Fresh out of the doctoral program at the University of Colorado in Boulder, Bud Morgan arrived at Missouri Southern State University in 1971.
At the time the school was making its transition from a two-year to a four-year institution. Morgan applied to several bigger universities but someone suggested to him that he would likely start out teaching upper-level classes if he took a job at MSSU because it was expanding both its offerings and faculty.
“It was my department head in Colorado who told me that if I took the position there (at MSSU), I’d be on the ground floor of a brand-new enterprise, and that was really attractive to me,” he said. “Having that opportunity as a professor that I would not have had at a major university, when I look back on it, I see that it was absolutely the right decision. A lot of us young guys came in and had the unique opportunity to build a senior English program.”
Morgan is one of three former MSSU employees — with a combined 100 years experience — who recently sat down with the Globe to provide a glimpse into the school from an educator’s perspective.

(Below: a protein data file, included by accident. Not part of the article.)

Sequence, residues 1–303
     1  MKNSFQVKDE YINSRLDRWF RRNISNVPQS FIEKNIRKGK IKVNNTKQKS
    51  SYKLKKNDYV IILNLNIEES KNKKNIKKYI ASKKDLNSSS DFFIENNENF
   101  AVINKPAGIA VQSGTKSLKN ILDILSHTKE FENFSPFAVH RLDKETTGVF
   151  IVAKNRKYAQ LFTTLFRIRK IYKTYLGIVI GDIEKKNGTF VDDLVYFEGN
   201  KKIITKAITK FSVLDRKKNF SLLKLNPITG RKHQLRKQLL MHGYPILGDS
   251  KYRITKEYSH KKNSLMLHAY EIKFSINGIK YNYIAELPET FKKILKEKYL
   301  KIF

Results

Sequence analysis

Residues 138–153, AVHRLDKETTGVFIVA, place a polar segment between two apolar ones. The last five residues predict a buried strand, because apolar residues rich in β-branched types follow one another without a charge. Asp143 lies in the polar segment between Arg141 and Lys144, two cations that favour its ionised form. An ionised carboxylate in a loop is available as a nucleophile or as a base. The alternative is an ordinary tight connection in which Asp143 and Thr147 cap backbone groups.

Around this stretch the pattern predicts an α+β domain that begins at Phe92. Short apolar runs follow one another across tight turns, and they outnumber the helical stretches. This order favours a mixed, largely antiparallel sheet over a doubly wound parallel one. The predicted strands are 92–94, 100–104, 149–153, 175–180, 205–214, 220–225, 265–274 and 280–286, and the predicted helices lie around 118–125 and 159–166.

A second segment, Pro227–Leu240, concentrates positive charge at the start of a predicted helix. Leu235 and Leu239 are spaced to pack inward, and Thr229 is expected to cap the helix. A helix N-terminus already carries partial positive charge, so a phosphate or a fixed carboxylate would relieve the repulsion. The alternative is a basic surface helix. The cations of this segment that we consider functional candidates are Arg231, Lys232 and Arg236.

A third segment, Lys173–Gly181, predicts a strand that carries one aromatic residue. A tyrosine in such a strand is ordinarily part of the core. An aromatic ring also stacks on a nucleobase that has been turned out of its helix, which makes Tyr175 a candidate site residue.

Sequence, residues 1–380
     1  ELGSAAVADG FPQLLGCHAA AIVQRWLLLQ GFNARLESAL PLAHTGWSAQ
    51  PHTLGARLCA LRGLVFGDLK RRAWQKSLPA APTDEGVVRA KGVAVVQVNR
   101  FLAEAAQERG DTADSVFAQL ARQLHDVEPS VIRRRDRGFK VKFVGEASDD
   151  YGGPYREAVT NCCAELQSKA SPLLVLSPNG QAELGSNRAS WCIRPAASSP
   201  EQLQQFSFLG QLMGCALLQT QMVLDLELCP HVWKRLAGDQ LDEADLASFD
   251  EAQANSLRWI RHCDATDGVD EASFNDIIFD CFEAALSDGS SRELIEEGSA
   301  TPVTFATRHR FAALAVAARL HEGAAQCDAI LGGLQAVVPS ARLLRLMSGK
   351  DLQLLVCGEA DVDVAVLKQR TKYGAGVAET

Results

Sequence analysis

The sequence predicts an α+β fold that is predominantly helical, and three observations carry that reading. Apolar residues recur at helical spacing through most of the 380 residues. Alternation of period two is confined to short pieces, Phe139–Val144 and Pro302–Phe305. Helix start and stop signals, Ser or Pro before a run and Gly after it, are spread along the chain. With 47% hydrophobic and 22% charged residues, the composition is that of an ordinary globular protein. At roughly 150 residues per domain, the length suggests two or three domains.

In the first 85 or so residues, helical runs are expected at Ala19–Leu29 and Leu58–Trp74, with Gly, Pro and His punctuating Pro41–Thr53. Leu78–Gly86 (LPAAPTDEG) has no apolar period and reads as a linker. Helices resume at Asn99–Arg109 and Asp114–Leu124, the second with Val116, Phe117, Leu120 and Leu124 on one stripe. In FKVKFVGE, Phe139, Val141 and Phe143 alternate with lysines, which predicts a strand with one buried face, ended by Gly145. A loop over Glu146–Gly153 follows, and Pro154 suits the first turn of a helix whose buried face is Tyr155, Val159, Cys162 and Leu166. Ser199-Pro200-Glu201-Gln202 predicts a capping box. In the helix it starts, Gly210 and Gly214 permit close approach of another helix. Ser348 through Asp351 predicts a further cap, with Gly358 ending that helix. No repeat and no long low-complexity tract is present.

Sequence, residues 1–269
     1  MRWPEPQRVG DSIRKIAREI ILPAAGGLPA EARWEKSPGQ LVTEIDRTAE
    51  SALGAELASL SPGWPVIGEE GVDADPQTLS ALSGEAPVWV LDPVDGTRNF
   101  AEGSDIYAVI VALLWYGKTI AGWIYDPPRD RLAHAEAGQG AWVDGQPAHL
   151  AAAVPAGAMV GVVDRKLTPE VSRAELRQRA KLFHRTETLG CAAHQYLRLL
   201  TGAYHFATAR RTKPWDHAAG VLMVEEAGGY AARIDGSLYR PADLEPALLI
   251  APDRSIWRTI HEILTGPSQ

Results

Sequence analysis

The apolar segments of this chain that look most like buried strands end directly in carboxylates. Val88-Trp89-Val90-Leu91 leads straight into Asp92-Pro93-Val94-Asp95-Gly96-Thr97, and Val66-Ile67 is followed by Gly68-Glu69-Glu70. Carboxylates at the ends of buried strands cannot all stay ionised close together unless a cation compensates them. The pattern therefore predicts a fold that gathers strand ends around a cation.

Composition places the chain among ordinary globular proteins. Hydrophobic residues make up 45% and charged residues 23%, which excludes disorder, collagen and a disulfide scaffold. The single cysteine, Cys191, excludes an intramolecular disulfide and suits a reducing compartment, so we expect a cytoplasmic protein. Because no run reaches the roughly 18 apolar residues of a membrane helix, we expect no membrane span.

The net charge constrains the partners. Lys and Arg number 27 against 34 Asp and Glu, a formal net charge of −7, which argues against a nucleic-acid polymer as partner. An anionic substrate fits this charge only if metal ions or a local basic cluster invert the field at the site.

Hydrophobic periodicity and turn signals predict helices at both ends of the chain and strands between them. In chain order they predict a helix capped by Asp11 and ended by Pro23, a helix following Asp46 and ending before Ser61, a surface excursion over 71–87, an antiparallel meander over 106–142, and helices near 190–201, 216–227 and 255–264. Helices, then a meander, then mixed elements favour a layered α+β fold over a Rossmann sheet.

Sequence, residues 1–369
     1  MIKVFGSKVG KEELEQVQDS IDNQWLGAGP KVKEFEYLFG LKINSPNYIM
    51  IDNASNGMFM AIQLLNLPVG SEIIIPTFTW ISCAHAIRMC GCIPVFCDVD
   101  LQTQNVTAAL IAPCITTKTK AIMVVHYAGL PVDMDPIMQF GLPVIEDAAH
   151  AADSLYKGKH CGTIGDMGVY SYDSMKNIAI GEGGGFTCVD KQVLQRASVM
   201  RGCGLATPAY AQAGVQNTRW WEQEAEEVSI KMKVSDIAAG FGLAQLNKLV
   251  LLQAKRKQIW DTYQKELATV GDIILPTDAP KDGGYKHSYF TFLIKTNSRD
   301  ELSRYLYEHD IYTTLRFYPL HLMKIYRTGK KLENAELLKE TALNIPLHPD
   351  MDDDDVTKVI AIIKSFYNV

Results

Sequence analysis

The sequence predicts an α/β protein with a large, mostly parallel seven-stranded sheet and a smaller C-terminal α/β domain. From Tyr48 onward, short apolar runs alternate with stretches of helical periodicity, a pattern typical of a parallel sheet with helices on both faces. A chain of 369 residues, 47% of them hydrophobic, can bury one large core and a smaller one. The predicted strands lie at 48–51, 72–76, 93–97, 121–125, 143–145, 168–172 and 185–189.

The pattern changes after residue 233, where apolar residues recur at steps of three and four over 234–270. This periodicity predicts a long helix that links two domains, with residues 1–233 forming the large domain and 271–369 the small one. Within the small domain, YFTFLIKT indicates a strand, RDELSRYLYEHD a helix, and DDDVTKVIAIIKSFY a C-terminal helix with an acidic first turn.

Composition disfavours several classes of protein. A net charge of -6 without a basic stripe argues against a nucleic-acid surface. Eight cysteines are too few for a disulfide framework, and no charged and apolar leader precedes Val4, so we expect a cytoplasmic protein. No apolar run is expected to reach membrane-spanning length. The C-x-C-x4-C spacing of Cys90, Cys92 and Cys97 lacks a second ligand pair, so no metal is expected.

‘It has been my life’
Over the years, Morgan tinkered with and tailored his program from the third floor of Hearnes Hall, taking pride in creating courses about 20th Century fiction, black American literature and seminars about William Faulkner and American novels.
He also created a program for the English department that gives cash awards to students who excel academically.
“I remember ... being really impressed with the caliber of students that we had here,” he said. “They were very, very bright, by and large. Some of the brightest people I’ve ever known, I met here.”
After three decades at MSSU (he retired in 2001), Morgan still remembers the handful of students who left the biggest impression on him. There was the 38-year-old married woman, a mother of three, who was the school’s first nontraditional student accepted into the honors program in the 1980s. There was the woman who came back to school after becoming a mother to two children and “knocked the top off” the entrance exam. And there was the 18-year-old from Galena, Kan., who “had no idea how bright she was” and left MSSU with a 4.0 grade point average, eventually opening a counseling practice.
Teaching wasn’t always easy, and Morgan said at times he was frustrated with MSSU administration, but at the end of the day Morgan remembers the young lives he was able to reach through his English classes.
“I wouldn’t trade the experience for anything on Earth,” he said. “It has been my life, and I don’t know what else I might have done at any point in my life, and it’s because of students.”